Thursday, September 27, 2007

Inking and Coloring

We did all of the mechanical creation for our Burning Empires world last week, but this week we fleshed out the color a bit more. Here’s what we came up with.

The Planet

The world is predominantly ocean, though with large polar ice caps. There are a handful of Cuba-sized islands, and uncountable numbers of smaller ones. Because dry land is so scarce, many of islands’ cities extend under the surface of the water. There are also a number of artificial, floating islands.

There is a considerable amount of geologic activity on the planet. Volcanism, and particularly new island formation, is common.

The planet’s habitable zone is in a narrow band around the equator. Islands within this region are much like the South Pacific, though slightly cooler. The polar regions are extensive and inimical to human life. One of large islands is just on the edge of this zone.

The People

With regards to culture, we’ve got a few things going on that form the basis for the game. First, the planet’s inhabitants regard personal, one-on-one relationships and interactions as very important. They tend not to interact much as large groups. These include all sort of interactions, including commerce. There’s practically no such thing as a solitary transaction. You buy your bread not from the person who offers it at the cheapest price, but from the person you’ve bought bread from for twenty years.

Second, the society is polyandrous. This is due in part to biological factors (low male fertility rates, high gender imbalance), but also to social roles. Men are expected to sacrifice themselves for their families. They take the high-risk roles in society, and they may very well end up dead. Women are expected to bind the community together.

Third, generosity is seen as a virtue and a source of prestige. However, it puts the receiver in the giver’s debt. While gifts are supposed to be given without expectation of reciprocity, in practice the receiver usually does all she or he can to respond in kind.

Fourth, the Church occupies a unique role in society. While many of the planet’s inhabitants are followers of Ahmilakh, they no longer trust the Church to rule them. This is because in order to join the Mundus Humanitas, you must formally sever all ties to your family. (This is essentially the only way for a divorce to occur.) The locals believe that this “apartness” is the reason the Church failed to protect them during the Vaylen invasion. They are still held in high regard, however, and they occupy an important role in society as formal observers of important processes, due to their apparent impartiality.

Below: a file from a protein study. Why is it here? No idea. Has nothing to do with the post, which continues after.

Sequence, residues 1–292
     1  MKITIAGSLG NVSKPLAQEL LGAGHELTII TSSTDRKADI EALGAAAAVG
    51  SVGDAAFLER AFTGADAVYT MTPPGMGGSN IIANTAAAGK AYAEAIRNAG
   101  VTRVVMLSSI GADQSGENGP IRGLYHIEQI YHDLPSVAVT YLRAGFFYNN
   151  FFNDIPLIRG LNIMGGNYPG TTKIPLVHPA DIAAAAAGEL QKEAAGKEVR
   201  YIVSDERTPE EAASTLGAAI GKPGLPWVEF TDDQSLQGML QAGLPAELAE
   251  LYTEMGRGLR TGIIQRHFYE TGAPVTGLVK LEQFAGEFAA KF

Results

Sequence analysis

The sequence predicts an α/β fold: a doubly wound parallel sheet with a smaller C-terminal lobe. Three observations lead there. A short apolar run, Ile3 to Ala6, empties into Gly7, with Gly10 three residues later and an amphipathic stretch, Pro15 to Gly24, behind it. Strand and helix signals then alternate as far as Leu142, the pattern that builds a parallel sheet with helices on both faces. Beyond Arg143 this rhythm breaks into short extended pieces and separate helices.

Fifth, the war against the Vaylen was a “Good War.” The Vaylen are seen as a lot like the Nazis. There’s a local variation on Godwin’s Law: the first person to mention the Vaylen in an argument loses. Most of the Church accepts their exile on the southern island as their fate for failing the people in the war.

What emerges out of this are some fun secondary effects.

You get large, complicated family arrangements (we’re calling them clans). Because commerce is based on long-term relationships and there are an excess of males, major business deals are often solemnized with marriage. One measure of a woman’s status is the number of husbands she has.

Women, as guardians of the family’s relationships, are in charge of all mercantile activity, and by extension, transport. Women make up the major of the planet’s Hammer forces, especially the officer corps.

Violent conflict between clans is uncommon, as they often have many mutual interests and common members. The boundaries between clans are very hazy. However, when two clans do eventually decide that an issue must be settled by violent means, they may declare vendetta on each other. This involves a formal ceremony, supervised by the Church, where every member of both clans either declares or renounces their membership in the family group. Those that declare themselves outside the conflict are inviolate. The other clans swear not to interfere until the dispute is settled. This often results in the annihilation of one or both clans.

The other group that’s outside of the social system (though not formally) are the pirates. They’re predominately made of lower-class people who reject the Church’s teachings on fate. They believe their place in society is preordained, and they reject many of the normal social structures of the culture.

That’s it for now. We also made good progress on getting the characters fleshed out, but I’ll talk more about them in a future post.

Wednesday, September 19, 2007

This World’s On Fire

Our next game? Burning Empires. Here’s what we came up with last night.